With Halloween coming soon, we're getting into the spirit of the season with these 13 quotes on the writing life from famous authors of horror, thriller and suspense:
1. “So where do the ideas—the salable ideas—come from? They come from my nightmares. Not the night-time variety, as a rule, but the ones that hide just beyond the doorway that separates the conscious from the unconscious.”
—Stephen King, “The Horror Writer Market and the Ten Bears,” November 1973, WD
2. “The first thing you have to know about writing is that it is something you must do everyday. There are two reasons for this rule: Getting the work done and connecting with your unconscious mind.”
3. “I hope people are reading my work in the future. I hope I have done more than frightened a couple of generations. I hope I’ve inspired a few people one way or another.”
4. “When one is writing a novel in the first person, one must be that person.”
—Daphne du Maurier
5. “When I write, I try to think back to what I was afraid of or what was scary to me, and try to put those feelings into books.”
6. “[Horror fiction] shows us that the control we believe we have is purely illusory, and that every moment we teeter on chaos and oblivion.”
7. “Beauty is the sole legitimate province of the poem.”
—Edgar Allan Poe
8. “I have always loved to use fear, to take it and comprehend it and make it work and consolidate a situation where I was afraid and take it whole and work from there.”
9. “Writing is writing, and stories are stories. Perhaps the only true genres are fiction and nonfiction. And even there, who can be sure?”
10. “I always wanted to be in the world of entertainment. I just love the idea of an audience being happy with what I am doing. Writing is showbusiness for shy people. That’s how I see it.”
11. “I don’t think there is enough respect in general for the time it takes to write consistently good fiction. Too many people think they will master writing overnight, or that they are as good as they will ever be.”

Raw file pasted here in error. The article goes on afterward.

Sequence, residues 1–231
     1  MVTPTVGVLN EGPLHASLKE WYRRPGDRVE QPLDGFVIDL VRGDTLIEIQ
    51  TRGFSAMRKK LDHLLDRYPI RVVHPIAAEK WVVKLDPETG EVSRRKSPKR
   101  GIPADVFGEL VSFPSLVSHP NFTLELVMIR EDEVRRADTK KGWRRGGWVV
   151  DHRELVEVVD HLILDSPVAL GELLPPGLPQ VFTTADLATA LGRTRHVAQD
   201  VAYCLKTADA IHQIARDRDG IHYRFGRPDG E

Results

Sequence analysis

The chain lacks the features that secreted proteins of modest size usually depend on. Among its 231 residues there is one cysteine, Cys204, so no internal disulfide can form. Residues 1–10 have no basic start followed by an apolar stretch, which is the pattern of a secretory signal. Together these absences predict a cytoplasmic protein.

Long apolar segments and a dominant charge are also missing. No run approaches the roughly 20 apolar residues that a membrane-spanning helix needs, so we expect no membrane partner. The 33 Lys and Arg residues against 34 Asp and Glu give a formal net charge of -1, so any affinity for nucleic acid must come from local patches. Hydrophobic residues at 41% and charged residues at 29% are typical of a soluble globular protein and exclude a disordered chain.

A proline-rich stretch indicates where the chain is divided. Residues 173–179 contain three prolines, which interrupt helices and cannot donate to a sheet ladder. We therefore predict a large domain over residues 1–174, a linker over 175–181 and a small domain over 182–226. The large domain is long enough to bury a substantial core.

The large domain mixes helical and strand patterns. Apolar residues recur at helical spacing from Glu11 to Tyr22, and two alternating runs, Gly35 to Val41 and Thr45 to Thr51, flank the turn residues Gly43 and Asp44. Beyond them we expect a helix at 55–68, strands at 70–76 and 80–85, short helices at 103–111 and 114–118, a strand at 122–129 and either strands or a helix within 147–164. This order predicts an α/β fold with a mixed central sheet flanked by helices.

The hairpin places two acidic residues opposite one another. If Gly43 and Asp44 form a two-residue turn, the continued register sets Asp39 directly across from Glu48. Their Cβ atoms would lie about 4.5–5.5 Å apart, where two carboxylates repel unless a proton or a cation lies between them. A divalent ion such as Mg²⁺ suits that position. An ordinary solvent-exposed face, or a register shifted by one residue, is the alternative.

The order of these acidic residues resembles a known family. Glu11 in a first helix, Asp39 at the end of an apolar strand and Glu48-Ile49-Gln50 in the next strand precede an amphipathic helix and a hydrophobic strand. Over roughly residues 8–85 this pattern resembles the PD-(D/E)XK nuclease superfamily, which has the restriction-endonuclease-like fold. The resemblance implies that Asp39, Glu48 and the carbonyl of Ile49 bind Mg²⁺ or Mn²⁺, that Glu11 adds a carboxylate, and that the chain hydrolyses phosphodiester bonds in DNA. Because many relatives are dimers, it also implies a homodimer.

12. “What I love about the thriller form is that it makes you write a story. You can’t get lost in your own genius, which is a dangerous place for writers. You don’t want to ever get complacent. If a book starts going too well, I usually know there’s a problem. I need to struggle. I need that self-doubt. I need to think it’s not the best thing ever.”
—Harlan Coben, WD Interview, January 2011
13. "My reason for writing stories is to give myself the satisfaction of visualising more clearly and detailedly and stably the vague, elusive, fragmentary impressions of wonder, beauty, and adventurous expectancy which are conveyed to me by certain sights (scenic, architectural, atmospheric, etc.), ideas, occurrences, and images encountered in art and literature."
Want to write your own horror, thriller or suspense novel? Then learn from a master with The Writer's Digest Annotated Classic: Dracula.
Tiffany Luckey is the associate editor of Writer's Digest. She also writes about TV and pop culture at AnotherTVBlog.com. Follow Tiffany on Twitter @TiffanyElle.